It was my birthday yesterday and though I’m not much of a birthday person I do have birthday traditions that I honour and observe each year and one I’ve introduced this year. They are, first, a delicious meal either by myself or with people I love at a restaurant I love or have wanted to try. Second, I make a birthday list, in this case, 28 things to do while I’m 28 (inspired by the awesome Rosie Molinary). And, new this year, I go through my “box of lessons learned” (more on that in a bit).
I am someone who likes ritual and routine. I find them grounding and meaningful. Ritual gives me a way to connect with myself and something outside myself, while routine grounds me in my day and my life. I’m not totally sure what the difference is between ritual and tradition, though I think they often overlap. Perhaps tradition is ritual given larger significance. It is a way to mark time, to note lessons learned, things tried, love given and lost. It is a way to give your life meaning and direction, and this is what I spend part of my birthday doing. I reflect on the previous year’s list, things checked off (got my Master’s degree, bought a DSLR, made gluten-free muffins), things left uncompleted (try salsa dancing, do 1000 burpees in a month) and things I still want to do badly enough to bring them forward into this new trip around the sun (learn to surf, get an academic article published).
It seems to me that with the increasing secularization and atomization of society and loss of community many of us have lost ritual and tradition in our lives. We have lost the importance of marking time and lessons. I don’t think this is a coincidence. When we have rituals that honour the earth we can’t help but protect it from the damages of capitalistic excess. When we spend the time to check in with ourselves and create goals that give our lives shape and meaning beyond making and spending money, producing and consuming, we are less distractable, less tractable, less willing to sign our rights and needs away to politicians and corporations who seek to exploit us for gain. So these are a few of the goals with which I give my life meaning and shape for the next year:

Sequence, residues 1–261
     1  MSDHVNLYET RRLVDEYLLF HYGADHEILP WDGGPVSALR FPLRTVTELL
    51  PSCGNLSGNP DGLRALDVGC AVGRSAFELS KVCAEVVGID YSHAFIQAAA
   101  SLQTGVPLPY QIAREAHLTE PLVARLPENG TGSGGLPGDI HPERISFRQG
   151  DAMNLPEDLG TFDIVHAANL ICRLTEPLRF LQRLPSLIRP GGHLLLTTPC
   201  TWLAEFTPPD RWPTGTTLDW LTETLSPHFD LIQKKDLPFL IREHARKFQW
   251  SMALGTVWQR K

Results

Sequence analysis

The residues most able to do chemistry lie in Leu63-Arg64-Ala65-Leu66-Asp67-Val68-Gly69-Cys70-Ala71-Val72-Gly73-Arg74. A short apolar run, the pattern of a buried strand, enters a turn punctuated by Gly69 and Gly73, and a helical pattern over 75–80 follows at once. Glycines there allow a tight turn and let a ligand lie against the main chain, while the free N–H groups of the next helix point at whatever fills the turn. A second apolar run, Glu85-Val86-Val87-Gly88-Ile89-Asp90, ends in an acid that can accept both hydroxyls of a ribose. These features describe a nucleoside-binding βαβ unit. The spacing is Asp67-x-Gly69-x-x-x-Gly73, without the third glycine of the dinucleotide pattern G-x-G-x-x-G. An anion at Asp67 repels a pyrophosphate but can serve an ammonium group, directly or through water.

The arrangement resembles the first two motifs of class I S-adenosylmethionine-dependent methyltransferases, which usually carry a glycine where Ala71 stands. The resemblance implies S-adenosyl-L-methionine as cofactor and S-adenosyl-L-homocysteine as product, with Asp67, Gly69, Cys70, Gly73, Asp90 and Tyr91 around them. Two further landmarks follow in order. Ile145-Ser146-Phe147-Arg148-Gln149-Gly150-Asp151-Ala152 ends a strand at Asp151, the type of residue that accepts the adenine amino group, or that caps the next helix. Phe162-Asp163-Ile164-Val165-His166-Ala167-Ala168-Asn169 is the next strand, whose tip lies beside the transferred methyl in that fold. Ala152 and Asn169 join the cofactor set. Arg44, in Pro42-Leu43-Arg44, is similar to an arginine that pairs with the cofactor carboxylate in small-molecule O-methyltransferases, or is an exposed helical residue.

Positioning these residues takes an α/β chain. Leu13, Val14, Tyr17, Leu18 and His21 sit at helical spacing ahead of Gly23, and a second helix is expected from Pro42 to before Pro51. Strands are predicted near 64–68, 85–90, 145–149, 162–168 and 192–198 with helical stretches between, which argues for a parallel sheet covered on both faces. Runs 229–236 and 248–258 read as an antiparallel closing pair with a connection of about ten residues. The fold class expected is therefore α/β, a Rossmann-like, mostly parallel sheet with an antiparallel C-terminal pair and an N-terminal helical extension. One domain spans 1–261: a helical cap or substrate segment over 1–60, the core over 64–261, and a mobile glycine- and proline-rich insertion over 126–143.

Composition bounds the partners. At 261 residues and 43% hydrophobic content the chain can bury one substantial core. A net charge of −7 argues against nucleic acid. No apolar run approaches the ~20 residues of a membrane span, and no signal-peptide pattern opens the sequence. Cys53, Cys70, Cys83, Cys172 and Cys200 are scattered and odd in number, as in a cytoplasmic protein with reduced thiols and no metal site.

1. Take surf lessons
2. Try Brazilian Jiu Jitsu
3. Learn 4 songs on ukulele
4. Try one new recipe per week or 52 recipes in year
5. Run a 5k race
6. Hold crow pose for 15 seconds
7. Do Radical Self-Love Bible again
8. Make vegan cheese from scratch
9. Dye hair blonde
10. Read 28 books
I don’t intend to hit all of them, nor will I beat myself up if I don’t. Rather, they give me something to shoot for, something to mark my time and see how my priorities and desires change. A way to check in and see what still matters, if I’m challenging myself enough, inviting enough fun in, spending time living. I invite you to try this exercise on your next birthday. This is my third year and I find it immensely rewarding each time.
My third (and new) tradition, my “box of lessons learned” started from a Facebook friend’s post. She had a jar in which she would collect all the lessons she learned for the year and read them on January 1. Because I already have my birthday list I thought this could be a nice addition. So I got a box and decoupaged some pretty paper on it and started writing. Sometimes they were hard-fought lessons. Other times they were words of wisdom I wanted to incorporate and live. Sometimes they were the small things in life that make a big difference. Here’s a few:
Clutter makes me lose my mind.
Potato chips have a low satisfaction:calorie ratio. I almost always regret them.
Interact with people like they’re already your friend.
Begin as you mean to go on.
When buying something (clothes, art, furniture) ask, “Will I love this a year from now? Five?”
Living somewhere walkable/bikeable is necessary for my physical and mental health.
A high protein breakfast and a hearty lunch with whole grains sets me up for the day.
So there you go. Goals for the next year and lessons from the previous. Traditions that give my life meaning and shape.